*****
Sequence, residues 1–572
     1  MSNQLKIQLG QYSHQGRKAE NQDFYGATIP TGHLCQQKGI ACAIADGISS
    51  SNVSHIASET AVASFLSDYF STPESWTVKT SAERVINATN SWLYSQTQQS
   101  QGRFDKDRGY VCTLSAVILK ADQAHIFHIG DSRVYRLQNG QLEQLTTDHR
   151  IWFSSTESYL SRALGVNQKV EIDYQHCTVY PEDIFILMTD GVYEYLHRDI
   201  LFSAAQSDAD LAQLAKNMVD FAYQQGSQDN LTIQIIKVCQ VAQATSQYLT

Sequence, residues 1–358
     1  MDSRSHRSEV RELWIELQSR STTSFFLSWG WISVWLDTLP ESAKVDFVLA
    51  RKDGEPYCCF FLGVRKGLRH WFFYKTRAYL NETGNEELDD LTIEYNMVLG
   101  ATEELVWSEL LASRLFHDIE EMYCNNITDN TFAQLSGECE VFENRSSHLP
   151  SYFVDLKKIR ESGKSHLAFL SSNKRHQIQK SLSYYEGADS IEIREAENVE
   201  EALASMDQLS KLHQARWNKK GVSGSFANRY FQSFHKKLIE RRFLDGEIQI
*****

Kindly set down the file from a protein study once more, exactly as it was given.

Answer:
Sequence, residues 1–572
     1  MSNQLKIQLG QYSHQGRKAE NQDFYGATIP TGHLCQQKGI ACAIADGISS
    51  SNVSHIASET AVASFLSDYF STPESWTVKT SAERVINATN SWLYSQTQQS
   101  QGRFDKDRGY VCTLSAVILK ADQAHIFHIG DSRVYRLQNG QLEQLTTDHR
   151  IWFSSTESYL SRALGVNQKV EIDYQHCTVY PEDIFILMTD GVYEYLHRDI
   201  LFSAAQSDAD LAQLAKNMVD FAYQQGSQDN LTIQIIKVCQ VAQATSQYLT

Sequence, residues 1–358
     1  MDSRSHRSEV RELWIELQSR STTSFFLSWG WISVWLDTLP ESAKVDFVLA
    51  RKDGEPYCCF FLGVRKGLRH WFFYKTRAYL NETGNEELDD LTIEYNMVLG
   101  ATEELVWSEL LASRLFHDIE EMYCNNITDN TFAQLSGECE VFENRSSHLP
   151  SYFVDLKKIR ESGKSHLAFL SSNKRHQIQK SLSYYEGADS IEIREAENVE
   201  EALASMDQLS KLHQARWNKK GVSGSFANRY FQSFHKKLIE RRFLDGEIQI